Much work still needed to ease traffic
Thank you for informing your readers about the almost-completed repaving job on College Avenue and for sending your reporter to the neighborhood traffic meeting on August 22. The meeting, called by the city's Public Works Department, was the first to bring neighbors from District 7 and District 8, people from both east and west of College, together in one room.
The meeting may have started out a bit on the “raucous” side, but it was well run and soon settled into a civil exchange of neighborhood traffic problems and ideas on how to solve them. Your reporter mistakenly ascribes to District 8 Councilmember Polly Armstrong a very well received statement that was actually made by Connie Stroud, a former member of the Transportation Commission and the Zoning Adjustments Board.
While she did not express it in her statement, the speaker lives on a residential city street that has considerably more traffic than College Avenue (roughly 14,000 cars/day) and even exceeds by several thousand the number of vehicles on four-lane Telegraph (roughly 18,000 cars/day).
Ms. Stroud made the following points:
• Attempts to solve neighborhood traffic problems should not occur on a street by street basis but with a view to the larger picture.
• The City should be more diligent in administering its Residential Parking Permit program, both the annual and the 14-day versions, through greater vigilance in issuance and enforcement.
• She cited a change in street configuration that neighbors on heavily traffic-afflicted streets in southeast Berkeley have asked the city to make for decades: reversing the directions of Dwight and Haste or returning them to two-way traffic.
Either measure would offer drivers more options and provide better access to and use of Telegraph Avenue and the freeway system, thus unburdening neighborhood streets.
As stated in your report, at the end of her remarks Ms. Stroud asked why this measure had not been undertaken and added that the city would have to give residents a sound explanation if it were not implemented.
Awaiting action or a satisfactory response from Traffic Engineering along with Ms. Stroud and hundreds of affected residents,
Grow up: buy a building
Regarding Aug. 26 perspective piece: “Boomtown with no room, by Andrew Lam of Pacific News Service:
No room for who?
There is plenty of room in San Francisco and Berkeley and Oakland. The question is, Who is privileged enough to stay?
By privileged, I do not mean those Dot-comers (a euphemism for the hated white male) but that protected class of people who are government assisted.
They typically have not taken advantage of the free education afforded them and do little to add to the rich fabric of the Bay Area. That is unless garbage on the streets, filthy language polluting the air, and the need to lock up everything you own during daylight hours and fear of venturing out after dark is why one considers a comfortable living condition.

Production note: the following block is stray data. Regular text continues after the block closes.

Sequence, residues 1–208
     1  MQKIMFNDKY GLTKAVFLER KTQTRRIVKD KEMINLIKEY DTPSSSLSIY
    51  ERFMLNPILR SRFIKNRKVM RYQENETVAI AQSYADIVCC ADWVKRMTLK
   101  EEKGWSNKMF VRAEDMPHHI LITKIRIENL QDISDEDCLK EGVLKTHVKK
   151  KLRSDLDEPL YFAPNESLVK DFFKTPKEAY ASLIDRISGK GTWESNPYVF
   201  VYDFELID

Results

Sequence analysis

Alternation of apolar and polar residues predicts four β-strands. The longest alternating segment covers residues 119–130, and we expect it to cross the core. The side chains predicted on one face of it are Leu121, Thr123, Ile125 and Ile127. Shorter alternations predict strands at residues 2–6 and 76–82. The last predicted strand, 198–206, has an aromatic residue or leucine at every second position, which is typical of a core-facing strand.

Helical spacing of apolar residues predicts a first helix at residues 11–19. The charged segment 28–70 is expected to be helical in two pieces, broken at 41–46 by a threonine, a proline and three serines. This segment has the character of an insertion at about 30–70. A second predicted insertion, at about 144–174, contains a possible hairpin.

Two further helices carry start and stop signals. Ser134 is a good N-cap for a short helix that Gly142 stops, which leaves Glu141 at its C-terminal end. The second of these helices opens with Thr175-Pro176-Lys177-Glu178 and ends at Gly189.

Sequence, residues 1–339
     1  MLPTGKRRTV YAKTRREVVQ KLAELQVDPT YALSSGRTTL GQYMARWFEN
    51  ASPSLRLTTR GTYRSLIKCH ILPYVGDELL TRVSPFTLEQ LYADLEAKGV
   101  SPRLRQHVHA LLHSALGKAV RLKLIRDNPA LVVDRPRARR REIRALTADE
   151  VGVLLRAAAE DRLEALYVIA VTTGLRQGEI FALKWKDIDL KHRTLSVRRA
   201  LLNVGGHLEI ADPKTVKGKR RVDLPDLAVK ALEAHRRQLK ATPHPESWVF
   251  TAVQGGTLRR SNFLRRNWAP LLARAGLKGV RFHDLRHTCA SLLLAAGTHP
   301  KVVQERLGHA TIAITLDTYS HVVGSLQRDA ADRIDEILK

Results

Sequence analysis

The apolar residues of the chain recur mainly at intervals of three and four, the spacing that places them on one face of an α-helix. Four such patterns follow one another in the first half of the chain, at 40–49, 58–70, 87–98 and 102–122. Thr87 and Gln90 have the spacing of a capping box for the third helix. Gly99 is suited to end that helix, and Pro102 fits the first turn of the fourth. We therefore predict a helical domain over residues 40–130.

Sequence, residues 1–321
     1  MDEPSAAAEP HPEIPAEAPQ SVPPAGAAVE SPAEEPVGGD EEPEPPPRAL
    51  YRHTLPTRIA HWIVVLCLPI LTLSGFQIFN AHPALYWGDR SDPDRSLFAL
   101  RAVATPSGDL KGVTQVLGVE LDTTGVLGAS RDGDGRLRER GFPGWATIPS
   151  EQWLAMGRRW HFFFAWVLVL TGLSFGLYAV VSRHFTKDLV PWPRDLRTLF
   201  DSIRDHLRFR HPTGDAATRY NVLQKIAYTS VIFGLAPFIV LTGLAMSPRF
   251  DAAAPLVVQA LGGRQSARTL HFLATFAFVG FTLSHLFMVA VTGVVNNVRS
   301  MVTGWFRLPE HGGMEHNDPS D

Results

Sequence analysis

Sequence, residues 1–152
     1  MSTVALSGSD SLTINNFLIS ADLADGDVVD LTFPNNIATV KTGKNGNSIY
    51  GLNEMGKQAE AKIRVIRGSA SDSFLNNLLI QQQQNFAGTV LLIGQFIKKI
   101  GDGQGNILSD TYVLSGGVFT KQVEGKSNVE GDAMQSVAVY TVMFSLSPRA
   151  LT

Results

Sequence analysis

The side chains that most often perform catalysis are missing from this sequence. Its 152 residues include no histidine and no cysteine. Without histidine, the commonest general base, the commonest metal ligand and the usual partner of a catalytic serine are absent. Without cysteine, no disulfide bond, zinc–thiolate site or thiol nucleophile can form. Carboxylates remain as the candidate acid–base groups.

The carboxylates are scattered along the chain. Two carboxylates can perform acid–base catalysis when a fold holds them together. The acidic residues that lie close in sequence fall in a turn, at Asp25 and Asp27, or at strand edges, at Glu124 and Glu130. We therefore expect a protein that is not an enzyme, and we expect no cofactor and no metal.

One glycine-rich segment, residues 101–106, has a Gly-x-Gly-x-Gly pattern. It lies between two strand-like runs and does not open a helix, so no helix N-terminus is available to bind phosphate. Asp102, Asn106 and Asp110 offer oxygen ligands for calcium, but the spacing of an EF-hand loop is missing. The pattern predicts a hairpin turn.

The cost of housing is high because of supply and demand, Why use that valuable and limited supply on dead beats.
To be on welfare or Section 8 in the Bay area is taking up valuable space and driving up the cost to those artists, writers, performers, etc. who do indeed add a needed flavor to the rich fabric of life.
I would rather have two dot-comers on scooters cruising down my block than two high school drop-outs on bicycles with hooded sweatshirts and a bad attitude.
The other protected class is the renter. Andrew, if you and your friend the artist and perhaps a few more friends could have gotten together and bought a building with a couple of flats to share you would not even be allowed to move into your own building under current rent control laws. If you own, nobody can tell you to move.
Twenty five years in the city and you are not allowed to grow up and become a home owner because you have been made comfortable by the government protecting you through rent control.
Now you are terrified as your friends must leave and you are secure in your rent controlled apartment. You should have thought of the future and not depended on the government to protect you.
Rent control has caused much of the current housing problem.
How many more will have to die by automobiles?
Wednesday, Sept. 13 marks the 101st anniversary of the first automobile fatality in North America. Since then, four times as many U.S. residents have been killed in motor vehicle accidents as were slain in all our nation’s wars since the 1776 Revolution.
Are we so incentive to violence that we’ll accept it to such an extreme degree in order to have independent mobility?
Among the rights we all enjoy in the United States is (or should be) the right to equal access to all public accommodations without having to rely on modes of transportation so dangerous that they require eat belts, air bags or crash helmets.
Land-use decisions (consistently ignoring public transit and other alternatives to the auto as necessary infrastructure) leave increasing numbers of us faced with a choice of driving illegally or being disenfranchised.
All planning codes should prohibit any development that is not at least as accessible and functional for non-motorists as it is for those who drive.
We have a serious civil rights issue here: development that accommodates motorists only violates the equal protections provision of our constitution.
What kind of fools would build the biggest public works project in human history – our interstate highway system – for national defense and then force themselves into dependence on a mode of transportation that’s deadlier than war?
Our land use decisions are a greater threat to our well-being than any allegedly hostile elements outside our borders.
Berkeley Gray Panthers